Doctrine of “Intervening Cause” Used to Excuse Truck Driver from Liability in Multi-Truck Accident

Earlier this year, the Eighth Circuit Court of Appeals decided a case that excused two semi-truck drivers from liability because the negligence of a third truck driver was deemed to be an intervening cause of the injuries complained of by the plaintiffs. In the case of Baumann v. Zhukov, the plaintiff was a personal representative appointed to represent the interests of an entire family who died as a result of a multi-vehicle accident.

truck-4-1478008According to the court’s written opinion, the accident took place back in September 2012. The facts of the case are a bit confusing but illustrate the “intervening cause” doctrine nicely.

The Facts of the Case

Zhkov was traveling in his truck on the highway when he experienced an equipment malfunction, and his truck would no longer run. He pulled over to the side of the road and waited for assistance. However, before assistance could arrive, Johnson approached in his semi-truck and slammed into Zhukov’s parked truck. Evidence adduced at trial suggested that the safety cones placed on the road to warn passing motorists of Zhukov’s truck were not properly placed.

Johnson died as a result of the collision, and a major traffic jam ensued. The Schmidts, a family traveling on the same road in two separate cars, came to a stop at the end of the traffic jam and waited for it to clear. However, as they were stopped, another truck operated by Slezak came from behind and rammed into one of the Schmidts’ vehicles. The force from the collision caused the car to collide with the Schmidts’ other vehicle, which was pushed under one of the semi-trucks. All of the Schmidts in the two vehicles died in the accident.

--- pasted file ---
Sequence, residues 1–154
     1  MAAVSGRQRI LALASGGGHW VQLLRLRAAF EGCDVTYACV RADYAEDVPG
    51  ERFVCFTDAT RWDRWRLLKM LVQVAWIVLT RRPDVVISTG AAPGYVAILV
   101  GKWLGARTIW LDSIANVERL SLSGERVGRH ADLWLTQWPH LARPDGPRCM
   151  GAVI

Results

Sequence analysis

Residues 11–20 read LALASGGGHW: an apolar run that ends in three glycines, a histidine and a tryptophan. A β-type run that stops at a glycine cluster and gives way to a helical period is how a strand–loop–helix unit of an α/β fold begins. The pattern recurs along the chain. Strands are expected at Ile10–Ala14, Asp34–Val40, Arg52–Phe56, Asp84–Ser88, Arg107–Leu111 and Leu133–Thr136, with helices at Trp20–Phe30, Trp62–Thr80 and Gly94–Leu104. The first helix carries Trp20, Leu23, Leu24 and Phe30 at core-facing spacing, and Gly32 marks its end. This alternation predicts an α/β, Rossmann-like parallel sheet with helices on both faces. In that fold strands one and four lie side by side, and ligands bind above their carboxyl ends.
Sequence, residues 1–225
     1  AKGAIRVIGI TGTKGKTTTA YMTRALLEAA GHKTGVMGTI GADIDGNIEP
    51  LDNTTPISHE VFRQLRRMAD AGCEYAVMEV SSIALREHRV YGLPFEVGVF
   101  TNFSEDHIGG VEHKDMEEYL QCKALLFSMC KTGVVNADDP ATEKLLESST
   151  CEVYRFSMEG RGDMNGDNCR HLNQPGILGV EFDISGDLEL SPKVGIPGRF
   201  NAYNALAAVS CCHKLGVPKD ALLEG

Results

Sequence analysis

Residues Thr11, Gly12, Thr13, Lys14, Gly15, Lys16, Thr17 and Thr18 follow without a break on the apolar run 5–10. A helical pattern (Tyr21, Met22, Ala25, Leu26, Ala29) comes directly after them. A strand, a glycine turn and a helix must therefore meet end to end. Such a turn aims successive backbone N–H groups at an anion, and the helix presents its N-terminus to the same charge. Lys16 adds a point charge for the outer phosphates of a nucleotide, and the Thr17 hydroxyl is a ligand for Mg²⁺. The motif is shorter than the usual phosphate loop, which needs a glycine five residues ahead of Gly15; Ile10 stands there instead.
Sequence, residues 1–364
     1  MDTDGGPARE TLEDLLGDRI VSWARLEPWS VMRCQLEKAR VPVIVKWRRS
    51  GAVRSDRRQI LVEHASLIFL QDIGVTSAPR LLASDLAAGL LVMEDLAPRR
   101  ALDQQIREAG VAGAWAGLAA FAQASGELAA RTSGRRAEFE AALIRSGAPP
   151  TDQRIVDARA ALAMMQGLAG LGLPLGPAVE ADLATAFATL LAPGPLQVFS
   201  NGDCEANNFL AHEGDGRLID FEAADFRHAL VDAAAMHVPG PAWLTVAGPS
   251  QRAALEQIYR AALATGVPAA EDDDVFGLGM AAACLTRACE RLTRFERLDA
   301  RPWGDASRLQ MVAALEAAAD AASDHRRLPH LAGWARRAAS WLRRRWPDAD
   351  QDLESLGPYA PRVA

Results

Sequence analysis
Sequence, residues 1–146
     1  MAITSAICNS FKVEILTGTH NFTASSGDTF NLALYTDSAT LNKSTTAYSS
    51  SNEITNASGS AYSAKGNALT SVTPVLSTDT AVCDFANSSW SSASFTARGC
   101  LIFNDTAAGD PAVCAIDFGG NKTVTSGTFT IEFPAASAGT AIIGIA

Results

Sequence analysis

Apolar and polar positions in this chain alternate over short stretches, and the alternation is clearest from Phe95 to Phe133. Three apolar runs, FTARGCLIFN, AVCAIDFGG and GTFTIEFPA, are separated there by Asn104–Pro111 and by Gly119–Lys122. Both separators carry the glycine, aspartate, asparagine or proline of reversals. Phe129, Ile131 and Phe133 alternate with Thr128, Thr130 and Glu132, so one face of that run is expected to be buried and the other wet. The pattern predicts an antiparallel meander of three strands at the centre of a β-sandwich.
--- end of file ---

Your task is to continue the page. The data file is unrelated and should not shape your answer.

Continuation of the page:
The personal representative of the Schmidt family filed suit against each of the truck drivers, as well as their respective employers. Relevant to this case was the case against Zhukov, his employer, and Johnson.

The Defendants’ Argument

At trial, Johnson and Zhukov argued that, even if they were negligent in causing the initial accident, the negligence of Slezak was an intervening cause of the victims’ deaths, and they should not be held liable. The court agreed, noting that an intervening cause arises when a third party’s actions break the chain of events linking the original event and the plaintiffs’ injuries. The court noted that one factor was the foreseeability of the third party’s actions that allegedly severed the chain of events. If the conduct was not foreseeable, it is more likely to be an intervening cause. Here, the negligent act of Slezak in ramming into the back of the Schmidts’ vehicles acted as an intervening cause of the Schmidts’ deaths.

Have You Been Involved in a Maryland Accident?

If you or a loved one has recently been involved in any kind of Maryland car or truck accident, you may be entitled to monetary compensation for all that you have been put through. With that said, the road to financial recovery can often be a bumpy one, with unexpected detours along the way. It is best to have the assistance of a dedicated and compassionate attorney at your side. Call 410-654-3600 to set up a free consultation with an attorney today.

More Blog Posts:

Family Brings Suit Against Department of Transportation in Failure-to-Maintain Case, Maryland Accident Law Blog, September 15, 2015.

Marine Struck and Killed in Thurmont by Hit-and-Run Driver, Maryland Accident Law Blog, October 7, 2015.

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